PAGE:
Left Ventricular Assist Device Inflow Cannula Position May Contribute to the Development of HeartMate II Left Ventricular Assist Device Pump Thrombosis Article

Full Text via DOI: 10.31486/toj.17.0070 PMID: 30258293 Web of Science: 000444851300008

Cited authors

  • Bhama, Jay K.; Bansal, Aditya


  • Background: Pump thrombosis (PT) is a dreaded complication after left ventricular assist device (LVAD) implantation. Problems with inflow cannula (IC) position may precipitate thrombus development. We sought to determine if IC position contributes to the development of PT.; Methods: We conducted a retrospective review of 76 HeartMate II LVAD implants. The angle of the IC (AIC) to the horizontal plane was measured on chest x-rays. Patients who developed PT (PT group) were compared to the remaining patients (control group).; Results: The mean age at implantation was 56 +/- 14 years, and 82% of the patients were male. Ten patients (13%) developed PT. Six (60%) required device exchange, and 4 (40%) were managed with anticoagulation and/or thrombolysis. The median AIC for all patients at implantation was 59 degrees (range, 38 degrees-98 degrees; 25th-75th interquartile range, 50 degrees-75 degrees). In the PT group, the median AIC was larger at the time of PT diagnosis compared to implantation (70 degrees vs 60 degrees, P = 0.005). In the control group, the median AIC was also larger at follow-up compared to implantation (61 degrees vs 58 degrees, P < 0.001) although to a lesser degree than in the PT group. No difference was seen in the median AIC between the PT group and the control group at implantation (60 degrees vs 58 degrees, respectively; P = 0.668) or at follow-up (70 degrees vs 61 degrees, respectively; P = 0.309). However, the median AIC at follow-up in the PT group was significantly larger than the median AIC at implantation in the control group (70 degrees vs 58 degrees, respectively; P = 0.014).; Conclusion: The HeartMate II LVAD IC position contributes to the development of PT. Regular monitoring of cannula position may help identify patients at risk for this problem.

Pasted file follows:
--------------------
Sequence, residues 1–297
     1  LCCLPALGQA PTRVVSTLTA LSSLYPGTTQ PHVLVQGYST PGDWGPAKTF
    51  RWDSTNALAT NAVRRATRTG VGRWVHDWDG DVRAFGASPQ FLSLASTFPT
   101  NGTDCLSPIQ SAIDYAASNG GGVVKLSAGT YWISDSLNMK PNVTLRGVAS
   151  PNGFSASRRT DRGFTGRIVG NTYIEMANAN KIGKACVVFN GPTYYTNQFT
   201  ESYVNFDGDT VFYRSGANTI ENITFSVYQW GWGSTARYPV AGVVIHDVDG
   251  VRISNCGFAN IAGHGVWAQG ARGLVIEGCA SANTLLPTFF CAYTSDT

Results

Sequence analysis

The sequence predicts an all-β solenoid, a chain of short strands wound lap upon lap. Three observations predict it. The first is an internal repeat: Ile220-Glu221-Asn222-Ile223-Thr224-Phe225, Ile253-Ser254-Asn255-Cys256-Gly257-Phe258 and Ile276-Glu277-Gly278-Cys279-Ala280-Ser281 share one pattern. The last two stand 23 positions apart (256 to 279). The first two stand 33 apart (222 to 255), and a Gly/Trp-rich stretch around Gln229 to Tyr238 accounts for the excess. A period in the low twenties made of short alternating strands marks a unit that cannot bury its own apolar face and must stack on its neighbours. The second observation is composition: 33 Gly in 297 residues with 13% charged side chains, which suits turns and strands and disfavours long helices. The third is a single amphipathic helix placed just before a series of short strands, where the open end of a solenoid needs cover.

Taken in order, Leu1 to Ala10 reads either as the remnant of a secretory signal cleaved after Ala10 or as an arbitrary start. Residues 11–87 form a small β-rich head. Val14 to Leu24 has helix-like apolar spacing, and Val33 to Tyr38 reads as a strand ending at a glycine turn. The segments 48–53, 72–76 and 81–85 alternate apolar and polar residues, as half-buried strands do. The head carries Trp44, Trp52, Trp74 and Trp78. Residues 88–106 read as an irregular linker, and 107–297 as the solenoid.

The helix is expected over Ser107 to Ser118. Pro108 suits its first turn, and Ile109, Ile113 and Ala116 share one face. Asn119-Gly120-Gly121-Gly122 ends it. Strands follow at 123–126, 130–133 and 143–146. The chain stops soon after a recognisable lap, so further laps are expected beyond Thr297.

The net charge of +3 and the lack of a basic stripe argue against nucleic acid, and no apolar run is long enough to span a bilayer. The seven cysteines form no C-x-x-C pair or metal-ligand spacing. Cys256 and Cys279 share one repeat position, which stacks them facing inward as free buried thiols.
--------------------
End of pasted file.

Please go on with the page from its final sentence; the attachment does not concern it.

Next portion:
Publication date

  • 2018

Published in

International Standard Serial Number (ISSN)

  • 1524-5012

Start page

  • 131

End page

  • 135


  • 18


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